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Illinois player of the game: Patrick Nelson

The hard-hitting sophomore was busy Friday night

Illinois v South Florida Photo by Joseph Garnett Jr. /Getty Images

When Lovie Smith was hired as the Illinois football coach in 2016, one of the biggest questions was how his trademark “Tampa 2” defense would translate to the college game, where teams run wild with up-tempo, spread offenses.

In reality, Illinois almost never plays the Tampa 2, which features zone coverage as both safeties occupy half of the field deep down the field.

This season, Illinois has been playing nearly exclusively with a single safety deep in the middle of the field, with another safety in the box near the line of scrimmage. The Illini have played man-to-man coverage for large periods of time this season, in addition to playing Cover 3, where the two cornerbacks and one deep safety are each responsible for one-third of the field.

Outside of the middle linebacker, who is the captain of the defense, those safeties are what will determine the success of the Illinois defense.

Enter Patrick Nelson, who burst on the scene last season as a freshman and has continued his strong play in 2017. He led the Illini with 10 tackles, seven solo, and a forced fumble Friday night in a loss to Nebraska.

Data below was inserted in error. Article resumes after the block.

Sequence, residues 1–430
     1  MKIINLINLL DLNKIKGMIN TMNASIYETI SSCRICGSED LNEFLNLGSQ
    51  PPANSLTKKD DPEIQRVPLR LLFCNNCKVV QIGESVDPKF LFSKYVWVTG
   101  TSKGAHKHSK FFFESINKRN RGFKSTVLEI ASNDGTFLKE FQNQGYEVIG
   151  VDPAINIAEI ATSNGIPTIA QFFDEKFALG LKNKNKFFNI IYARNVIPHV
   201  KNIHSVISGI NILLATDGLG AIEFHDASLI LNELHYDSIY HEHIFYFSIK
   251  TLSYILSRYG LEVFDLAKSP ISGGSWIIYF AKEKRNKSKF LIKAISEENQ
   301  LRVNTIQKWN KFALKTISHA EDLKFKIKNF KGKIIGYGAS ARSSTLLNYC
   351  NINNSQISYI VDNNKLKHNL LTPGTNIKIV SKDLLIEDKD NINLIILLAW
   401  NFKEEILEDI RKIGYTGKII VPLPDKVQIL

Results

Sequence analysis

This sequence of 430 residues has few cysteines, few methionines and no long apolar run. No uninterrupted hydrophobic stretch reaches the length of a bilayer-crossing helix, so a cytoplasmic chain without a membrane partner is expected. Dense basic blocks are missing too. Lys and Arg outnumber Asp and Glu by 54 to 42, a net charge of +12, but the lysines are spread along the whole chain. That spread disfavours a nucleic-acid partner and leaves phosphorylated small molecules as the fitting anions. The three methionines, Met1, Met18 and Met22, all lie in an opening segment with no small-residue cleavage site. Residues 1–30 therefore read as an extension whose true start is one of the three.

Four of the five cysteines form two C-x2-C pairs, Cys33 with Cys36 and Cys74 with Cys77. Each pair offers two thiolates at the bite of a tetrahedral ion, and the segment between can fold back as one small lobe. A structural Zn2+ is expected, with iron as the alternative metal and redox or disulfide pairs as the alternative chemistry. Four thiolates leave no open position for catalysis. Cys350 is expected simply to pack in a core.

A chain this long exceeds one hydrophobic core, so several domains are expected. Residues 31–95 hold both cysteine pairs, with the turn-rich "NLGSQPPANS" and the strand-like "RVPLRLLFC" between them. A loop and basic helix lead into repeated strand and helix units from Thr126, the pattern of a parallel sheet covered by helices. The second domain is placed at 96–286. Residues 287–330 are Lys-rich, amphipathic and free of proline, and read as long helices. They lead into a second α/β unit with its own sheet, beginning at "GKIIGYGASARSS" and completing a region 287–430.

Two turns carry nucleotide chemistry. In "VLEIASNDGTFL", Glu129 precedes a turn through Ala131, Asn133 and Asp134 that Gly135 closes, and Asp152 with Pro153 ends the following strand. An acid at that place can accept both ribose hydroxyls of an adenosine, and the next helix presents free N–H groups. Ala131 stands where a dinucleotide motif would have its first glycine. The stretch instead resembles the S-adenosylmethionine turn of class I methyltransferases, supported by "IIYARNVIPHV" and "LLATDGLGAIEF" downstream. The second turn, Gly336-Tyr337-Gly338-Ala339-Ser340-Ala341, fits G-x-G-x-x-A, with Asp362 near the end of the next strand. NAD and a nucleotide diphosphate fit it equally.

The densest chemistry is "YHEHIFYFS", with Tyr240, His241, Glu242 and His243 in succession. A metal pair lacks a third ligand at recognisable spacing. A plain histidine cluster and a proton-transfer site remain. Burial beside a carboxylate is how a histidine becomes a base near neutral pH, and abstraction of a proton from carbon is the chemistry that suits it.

Nelson is the ‘strong’ safety and is an absolute beast in run coverage. He’s one of the hardest hitters in the league and has two forced fumbles this year after popping the ball loose Friday night.

After playing almost exclusively on special teams for the first two games of the season as a freshman, Nelson compiled 75 tackles on the year — third-highest on the team -- and was named to ESPN’s All-Freshman team for his efforts. The highlight of his 2016 campaign was a 16-tackle effort against the Cornhuskers.

Nelson could use improvement in his coverage skills, as he is consistently tasked with marking tight ends and slot receivers. He also occasionally sells out for big hits when simply wrapping up would be more effective. Bottom line: He’s young and will continue to get better.

Nelson fits the bill perfectly for how Illinois wants to play defensively and allows Illinois to be more forceful in run support by sneaking Nelson into the box on most plays. Pair him up with his foil, freshman Bennett Williams, who excels in pass coverage, and Lovie and Co. might have already found their safeties for the next three years.